For our rise up the leagues during the early 1990s, some names may stand out more than most – and Dave Venables is one of them. Well, he is for us at least. And it’s no mean feat when you think about the fantastic attacking talent at our disposal. In those years between 1993 and 1996, there was Barry Hayles, Martin Gittings, Neil Trebble, Corey Browne and Tony Lynch – as well as others. Even in such outstanding company, however, Venners did his thing. And he did it week-in, week-out for three-and-a-half seasons.
Dave Venables: Why Is He A Cult Classic?
If you’re a fully signed-up member to the TL;DR club, the short answer is that Venners got goals – and laid ’em on too. And that was perhaps no mean feat at a time when Boro’ had broken new ground. OK, so he’d missed our debut season in the Diadora League Premier Division. But boss Paul Fairclough moved in to sign him ahead of the 1993-4 season. This turned out to be an inspired move. You could also say that he started as he meant to go on; scoring on debut against Hertford Town in the Herts Charity Cup.
You could count the number of players who outpaced Martin Gittings in the scoring stakes with one hand. Or maybe even finger. To start with, however, Venners did that; topping the Boro’ scoring charts in the first few months of campaign; putting himself in the frame as far as the Diadora Premier League top scorer betting offers were concerned. At the time, that was so valuable to us; building on a decent seventh-placed finish in our first season at this level. And it was getting noticed by national press like the Independent and Telegraph too.
He even earned the Player of the Month accolade for September 1993.
Gitts obviously caught and overtook Venners that season; our all-time top scorer finishing the 1993-4 campaign with exactly double the number of his cultured colleague. When you think that Gitts bagged 40, however, you see how much Venners put into the pot too. That doesn’t even include the assists that our wing wizard contributed. We were going up to the Conference for the first time in our history. And Venners played no small part in earning it.
Just like 1992-3 was a campaign of getting used to the Diadora League Premier Division, so too was 1994-5 in the GM Vauxhall Conference. It wasn’t a level beyond many of our lads, even if the early days were tough. Venners was no exception to that. Nine goals isn’t huge in comparison with the 20 he scored the season before. It was still good enough to be our joint-second top goalscorer (with Lynch).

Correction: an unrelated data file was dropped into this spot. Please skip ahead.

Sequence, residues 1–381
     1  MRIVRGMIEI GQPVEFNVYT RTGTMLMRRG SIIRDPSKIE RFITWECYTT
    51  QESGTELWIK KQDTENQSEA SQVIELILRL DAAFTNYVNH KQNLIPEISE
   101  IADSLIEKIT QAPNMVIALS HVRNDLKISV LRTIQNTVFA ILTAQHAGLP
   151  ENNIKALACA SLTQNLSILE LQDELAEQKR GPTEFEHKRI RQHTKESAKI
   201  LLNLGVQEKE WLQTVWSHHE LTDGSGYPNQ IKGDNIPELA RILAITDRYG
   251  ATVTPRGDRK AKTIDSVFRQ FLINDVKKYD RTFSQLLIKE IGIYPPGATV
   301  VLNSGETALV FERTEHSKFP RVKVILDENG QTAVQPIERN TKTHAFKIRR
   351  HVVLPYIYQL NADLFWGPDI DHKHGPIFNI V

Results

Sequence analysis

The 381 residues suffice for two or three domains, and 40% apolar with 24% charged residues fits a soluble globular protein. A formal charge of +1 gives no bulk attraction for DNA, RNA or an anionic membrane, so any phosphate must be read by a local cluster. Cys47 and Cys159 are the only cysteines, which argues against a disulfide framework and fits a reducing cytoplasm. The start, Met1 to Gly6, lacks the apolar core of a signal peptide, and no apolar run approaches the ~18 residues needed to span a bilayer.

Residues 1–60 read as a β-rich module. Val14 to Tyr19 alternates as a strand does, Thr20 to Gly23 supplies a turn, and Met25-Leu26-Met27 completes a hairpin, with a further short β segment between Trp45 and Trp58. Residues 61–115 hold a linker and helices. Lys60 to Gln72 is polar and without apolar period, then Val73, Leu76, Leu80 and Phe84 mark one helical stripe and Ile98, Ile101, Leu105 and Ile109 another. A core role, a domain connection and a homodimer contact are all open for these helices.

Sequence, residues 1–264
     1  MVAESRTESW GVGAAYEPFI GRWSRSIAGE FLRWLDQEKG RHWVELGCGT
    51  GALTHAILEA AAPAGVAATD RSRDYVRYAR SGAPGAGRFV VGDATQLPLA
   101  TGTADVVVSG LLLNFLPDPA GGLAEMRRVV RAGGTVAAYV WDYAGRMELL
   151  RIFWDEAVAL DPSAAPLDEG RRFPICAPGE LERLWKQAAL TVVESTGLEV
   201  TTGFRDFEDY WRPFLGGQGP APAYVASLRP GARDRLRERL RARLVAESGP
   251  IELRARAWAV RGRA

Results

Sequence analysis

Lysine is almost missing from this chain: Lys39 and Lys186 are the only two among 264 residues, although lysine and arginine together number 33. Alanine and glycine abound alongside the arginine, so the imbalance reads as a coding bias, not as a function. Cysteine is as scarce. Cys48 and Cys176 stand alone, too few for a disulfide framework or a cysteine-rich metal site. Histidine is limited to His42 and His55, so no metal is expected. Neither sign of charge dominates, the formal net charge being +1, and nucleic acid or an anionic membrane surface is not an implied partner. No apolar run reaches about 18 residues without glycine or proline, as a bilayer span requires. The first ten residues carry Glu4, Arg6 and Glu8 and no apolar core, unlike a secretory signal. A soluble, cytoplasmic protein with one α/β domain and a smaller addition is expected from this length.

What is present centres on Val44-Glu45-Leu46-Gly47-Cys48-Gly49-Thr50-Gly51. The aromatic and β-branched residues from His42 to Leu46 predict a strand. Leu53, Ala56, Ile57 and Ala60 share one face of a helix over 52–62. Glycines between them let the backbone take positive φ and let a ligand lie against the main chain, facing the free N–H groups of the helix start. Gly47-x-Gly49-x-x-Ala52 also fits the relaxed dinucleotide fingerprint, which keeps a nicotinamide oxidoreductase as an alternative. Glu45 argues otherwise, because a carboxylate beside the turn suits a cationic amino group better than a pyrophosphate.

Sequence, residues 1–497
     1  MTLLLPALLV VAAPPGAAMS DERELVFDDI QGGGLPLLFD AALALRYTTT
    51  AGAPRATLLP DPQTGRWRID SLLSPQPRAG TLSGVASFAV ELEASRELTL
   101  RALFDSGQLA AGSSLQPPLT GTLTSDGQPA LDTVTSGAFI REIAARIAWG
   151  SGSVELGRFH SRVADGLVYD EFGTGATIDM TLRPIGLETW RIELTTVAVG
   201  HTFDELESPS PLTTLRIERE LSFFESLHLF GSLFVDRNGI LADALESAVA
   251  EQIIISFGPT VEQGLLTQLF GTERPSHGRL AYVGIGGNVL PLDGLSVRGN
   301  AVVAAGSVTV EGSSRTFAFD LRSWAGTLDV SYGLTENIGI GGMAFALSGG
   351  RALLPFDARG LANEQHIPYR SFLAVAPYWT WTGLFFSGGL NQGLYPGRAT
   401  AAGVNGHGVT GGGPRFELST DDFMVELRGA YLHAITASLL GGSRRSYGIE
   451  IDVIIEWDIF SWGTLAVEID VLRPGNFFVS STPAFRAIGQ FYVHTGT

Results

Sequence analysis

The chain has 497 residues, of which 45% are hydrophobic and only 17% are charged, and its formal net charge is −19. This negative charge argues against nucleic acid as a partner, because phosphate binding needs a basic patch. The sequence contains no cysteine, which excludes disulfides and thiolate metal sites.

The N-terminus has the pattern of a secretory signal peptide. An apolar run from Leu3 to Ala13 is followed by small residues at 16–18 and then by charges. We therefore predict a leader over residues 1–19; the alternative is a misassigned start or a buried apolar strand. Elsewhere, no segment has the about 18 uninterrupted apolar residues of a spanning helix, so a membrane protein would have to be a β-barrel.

So, Venners won over the hearts of the Boro’ faithful and got noticed by the national press – all in double-quick time. More recognition was coming his way too; the winger becoming what we can only call a regular for the England non-league side. He was one of the first (if not the first) Boro’ player to earn international caps. In the years that followed, there’d be a good few to do so too; from Smudger to Eldinho. Venners, however, was a trailblazer.
Into the 1995-6 season, then, and yet more new heights for Cloughie’s Boro’ side. Not for the first time, either, Dave Venables had an important role to play. Not only did he score a total of 13 goals (behind Bazza and Corey), there were numerous assists. And it powered us to an unprecedented title; unlocking the door to the Football League (if only!). Like our other title-winning heroes, he’d earned a shot at a higher level.
Like some others, he didn’t get it.
Dave Venables: Epilogue
Boro’ had to go again in the Conference for the 1996-7 campaign. The squad still looked a strong one; our hopes high of retaining the title – and this time claiming that promotion. If that was going to happen, though, it’d be without Venners. The winger left us in December ’96; moving to Kettering Town for a mere £9,000. For the Poppies, it feels like a ridiculous bargain. For us, it was a big loss.
“I had a tremendous time at Stevenage – and hope they win the league again,” explained Venables in the programme for our home match against his new side in February 1997. “I want to thank everyone for the terrific support they gave me during some wonderful times at the club.”
Of course, history shows that we wouldn’t go on to win the league again; Boro’ running out of steam in the business end of the season as Macclesfield Town went onto win promotion to the Football League instead of us. So, can we make the claim that Venners’ mid-season move left us short of a valuable attacking option? Well, it’s not the wildest claim – is it? His record for us speaks for itself; six goals shy of a half century and countless assists.
Venners spoke of thanking Boro’ fans for their support. But the gratitude is surely returned in buckets. Jay Drackford, our current matchday announcer, told Hitchin Nub News: “My absolute favourite player [was] Dave Venables. [He] was my PE teacher at Collenswood School and nothing could compare to seeing him run and terrorise defenders then see ‘Sir’ walk into class Monday morning with a smile on his face.”
Even his peers have a lot of love for him. Gitts, his partner in crime for Venners’ first term with us, includes him in his all-time Boro’ XI. And he’s a forward who’d been with us – on and off – since our very first campaign in senior football. So, he’d played with some of the best and brightest to turn out for us up until that point. For us, Venners is definitely one of them. And, with all those who have followed since, that hasn’t changed either.
Our thanks to the Stevenage Football Archive for matchday programme information.